MACARONS BY IKE MALADA
As you've noticed recently there is macaron madness around Australia these days. If you haven't noticed you must have been living under a rock. Either way here are some words to add to your vocabulary:
macaron (noun) [ma-kuh-ron] ~ a drop cookie made of egg whites, sugar, almond meal. Sometimes also known as the 'macaroon'.
macar'owned (noun) [ma-kuh-rouhn-d] ~ The act of making macarons and totally failing
macaron'ed (noun) [ma-kuh-rohn-d] ~ The act of overdosing on macarons.
macaron-gasm (noun) [ma-kuh-rohn-gaz-uh m] ~ The physical and emotional sensation experienced at the peak of having some excellent macarons.
In the past few weeks, I've pretty much experienced all of the above. A few weeks ago I attempted to make macarons since I was given the book, The Secret of Macarons by Jose Marachel. My friend thought it was time for me to try making something else besides cakes...and so I can make them for her (she said it when she gave it to me!)
|ma petite cherie, je t'aime...|
I've been fascinated by the elusive macaron. I have seen my friends post photos of their macaron successes and failures...I've seen them express their happiness, relief and frustation at their macarons. I was scared. But as one of my favourite quote goes:
"Everything I've ever done that ultimately was worthwhile...initially scared me to death" - Betty Bender
I decided I had to face the macaron music. So I tried. To cut a long story short it was an epic fail. The batter was too runny, some of them went crispy in the oven, the macarons went soggy after putting the filling in them and my experience joined the long list of fail macaron stories..But I wasn't going to give up. I was going to find out how one makes them properly.
|The Macaron Milky Way|
Recently I have managed to meet a few amazing people in the baking world. Call it good fortune or serendipity but whatever it is I feel very lucky that I randomly meet people who have brought me closer to this world and I find people in this baking world are often sharers and carers. They love sharing their passion and are constantly happy to help you, give you a bit of advice and also feed you with the fruits of their labour!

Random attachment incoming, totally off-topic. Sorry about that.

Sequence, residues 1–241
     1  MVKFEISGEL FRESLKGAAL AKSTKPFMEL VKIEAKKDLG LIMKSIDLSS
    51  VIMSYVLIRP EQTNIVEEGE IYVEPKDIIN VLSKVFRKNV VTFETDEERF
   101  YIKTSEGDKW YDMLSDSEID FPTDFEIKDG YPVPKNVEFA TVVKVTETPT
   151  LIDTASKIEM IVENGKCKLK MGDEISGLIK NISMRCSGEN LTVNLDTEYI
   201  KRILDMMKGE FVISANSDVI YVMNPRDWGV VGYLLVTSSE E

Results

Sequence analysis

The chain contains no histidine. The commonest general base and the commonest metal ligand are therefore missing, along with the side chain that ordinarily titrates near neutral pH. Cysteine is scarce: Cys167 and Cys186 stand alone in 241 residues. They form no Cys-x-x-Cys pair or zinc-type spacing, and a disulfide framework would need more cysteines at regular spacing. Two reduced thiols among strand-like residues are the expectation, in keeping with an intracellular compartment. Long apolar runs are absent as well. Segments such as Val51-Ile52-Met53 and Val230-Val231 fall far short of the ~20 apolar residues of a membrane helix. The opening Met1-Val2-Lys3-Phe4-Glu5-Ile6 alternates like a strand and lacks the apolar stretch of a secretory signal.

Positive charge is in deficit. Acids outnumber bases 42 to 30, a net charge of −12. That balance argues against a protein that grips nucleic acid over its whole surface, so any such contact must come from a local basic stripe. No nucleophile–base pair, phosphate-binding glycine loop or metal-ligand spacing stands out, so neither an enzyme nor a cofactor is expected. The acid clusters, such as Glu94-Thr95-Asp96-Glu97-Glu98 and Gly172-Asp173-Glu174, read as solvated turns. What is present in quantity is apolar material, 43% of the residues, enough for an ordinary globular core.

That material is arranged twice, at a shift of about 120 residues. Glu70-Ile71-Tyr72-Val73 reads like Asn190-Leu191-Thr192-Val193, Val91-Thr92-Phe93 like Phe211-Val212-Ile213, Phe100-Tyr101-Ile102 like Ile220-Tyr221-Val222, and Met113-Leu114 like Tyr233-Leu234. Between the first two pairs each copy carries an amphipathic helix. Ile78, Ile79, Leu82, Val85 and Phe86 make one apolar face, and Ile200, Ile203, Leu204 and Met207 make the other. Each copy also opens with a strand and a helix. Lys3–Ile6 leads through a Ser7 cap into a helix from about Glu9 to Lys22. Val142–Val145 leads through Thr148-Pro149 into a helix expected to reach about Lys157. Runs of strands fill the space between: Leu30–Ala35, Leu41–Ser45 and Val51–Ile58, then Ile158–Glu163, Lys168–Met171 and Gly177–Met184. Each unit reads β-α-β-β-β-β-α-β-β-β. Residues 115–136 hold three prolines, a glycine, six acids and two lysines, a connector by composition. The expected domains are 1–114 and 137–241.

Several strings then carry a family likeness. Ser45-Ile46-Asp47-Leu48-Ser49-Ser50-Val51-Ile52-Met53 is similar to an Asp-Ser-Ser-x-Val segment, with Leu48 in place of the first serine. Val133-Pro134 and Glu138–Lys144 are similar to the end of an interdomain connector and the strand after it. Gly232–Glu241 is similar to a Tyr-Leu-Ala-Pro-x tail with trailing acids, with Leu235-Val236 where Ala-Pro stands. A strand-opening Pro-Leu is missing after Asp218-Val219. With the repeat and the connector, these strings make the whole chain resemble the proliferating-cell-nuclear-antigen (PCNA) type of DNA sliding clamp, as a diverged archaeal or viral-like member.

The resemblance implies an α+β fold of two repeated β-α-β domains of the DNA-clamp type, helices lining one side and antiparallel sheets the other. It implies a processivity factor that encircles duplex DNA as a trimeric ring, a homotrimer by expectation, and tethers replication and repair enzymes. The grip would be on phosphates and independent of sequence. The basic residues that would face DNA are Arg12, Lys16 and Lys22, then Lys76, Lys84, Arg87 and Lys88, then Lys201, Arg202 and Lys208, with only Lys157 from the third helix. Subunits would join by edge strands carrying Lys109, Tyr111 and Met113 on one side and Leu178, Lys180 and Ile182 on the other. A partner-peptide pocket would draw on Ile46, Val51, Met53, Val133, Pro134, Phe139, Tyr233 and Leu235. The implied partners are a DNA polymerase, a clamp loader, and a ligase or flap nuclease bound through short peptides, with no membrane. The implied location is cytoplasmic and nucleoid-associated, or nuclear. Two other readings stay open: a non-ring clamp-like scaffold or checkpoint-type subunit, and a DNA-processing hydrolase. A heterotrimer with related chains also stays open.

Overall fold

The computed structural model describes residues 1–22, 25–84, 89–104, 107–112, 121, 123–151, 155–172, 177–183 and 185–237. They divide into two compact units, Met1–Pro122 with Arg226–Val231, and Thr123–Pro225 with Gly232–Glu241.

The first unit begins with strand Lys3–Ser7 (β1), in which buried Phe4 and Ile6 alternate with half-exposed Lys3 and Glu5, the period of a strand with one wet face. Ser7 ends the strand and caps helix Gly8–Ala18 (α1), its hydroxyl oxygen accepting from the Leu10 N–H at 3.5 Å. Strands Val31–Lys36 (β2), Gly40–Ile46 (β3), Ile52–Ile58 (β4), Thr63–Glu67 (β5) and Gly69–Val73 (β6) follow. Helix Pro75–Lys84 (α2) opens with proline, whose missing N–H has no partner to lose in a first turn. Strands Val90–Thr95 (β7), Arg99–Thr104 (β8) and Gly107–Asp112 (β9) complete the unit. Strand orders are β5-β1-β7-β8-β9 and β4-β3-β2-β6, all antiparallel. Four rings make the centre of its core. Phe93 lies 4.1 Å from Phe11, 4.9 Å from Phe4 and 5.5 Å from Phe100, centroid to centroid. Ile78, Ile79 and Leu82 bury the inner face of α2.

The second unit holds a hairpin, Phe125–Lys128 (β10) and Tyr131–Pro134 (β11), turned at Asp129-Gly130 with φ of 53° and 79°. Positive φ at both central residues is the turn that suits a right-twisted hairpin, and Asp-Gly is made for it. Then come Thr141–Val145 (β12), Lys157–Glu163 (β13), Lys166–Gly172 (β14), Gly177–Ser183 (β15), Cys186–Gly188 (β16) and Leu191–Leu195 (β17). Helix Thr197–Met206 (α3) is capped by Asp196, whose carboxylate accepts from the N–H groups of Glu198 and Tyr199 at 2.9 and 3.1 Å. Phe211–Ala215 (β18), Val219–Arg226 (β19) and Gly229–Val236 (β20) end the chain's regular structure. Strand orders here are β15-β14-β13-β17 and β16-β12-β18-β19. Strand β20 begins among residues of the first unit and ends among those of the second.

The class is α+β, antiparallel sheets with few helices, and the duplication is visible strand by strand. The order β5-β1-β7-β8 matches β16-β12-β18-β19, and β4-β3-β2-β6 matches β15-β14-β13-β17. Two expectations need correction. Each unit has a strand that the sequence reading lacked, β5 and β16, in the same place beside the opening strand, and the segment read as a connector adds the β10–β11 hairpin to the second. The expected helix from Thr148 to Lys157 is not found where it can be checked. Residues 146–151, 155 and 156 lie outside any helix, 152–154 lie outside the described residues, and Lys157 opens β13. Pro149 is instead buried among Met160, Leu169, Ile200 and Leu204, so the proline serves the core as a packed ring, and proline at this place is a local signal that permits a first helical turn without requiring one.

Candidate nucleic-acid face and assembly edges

Last weekend I was lucky enough to meet Ms Ike Malada, an amazing lady, who is not only talented but sooooo totally gorgeous (who ever said that us bakers are a frumpy lot?). Ms Ike is a consultant in the food and beverage world who has had many years experience in being a chef, running a restaurant and now has a few businesses in the food world. Check her out on www.ikemalada.com.au!
A mutual friend of ours introduced us and Ms Ike was kind enough to invite me to her home to watch her make macarons. I was going with the hopes to learn a few things but spending the afternoon with Ms Ike was so amazing I felt like I was in Disneyland (not that I've ever been to Disneyland but I'm sure that's what it feels like!)
Ms Ike made making macarons look so easy. I was in awe watching her move swiftly around her work bench. Whilst observing I learnt the following:
* Slow and Steady - Rushing is one of the biggest enemies in macaron making as you might screw up your measurements, overwork the batter and have a bunch of different size macaron shells...actually rushing is a big enemy in baking generally as I did smash a pastry tart shell last week due to being in a bad mood and exhaustion so note to self: NEVER RUSH IN BAKING
* Temperature - The temperature should never be over 120 degrees celcius. I had mine on 180 when I was making mine. No wonder they went crispy...
* Peaks - The meringue should be stiff peaks. I thought my meringue was done but when I saw Ms Ike's meringue I realised my meringue could have been beaten longer...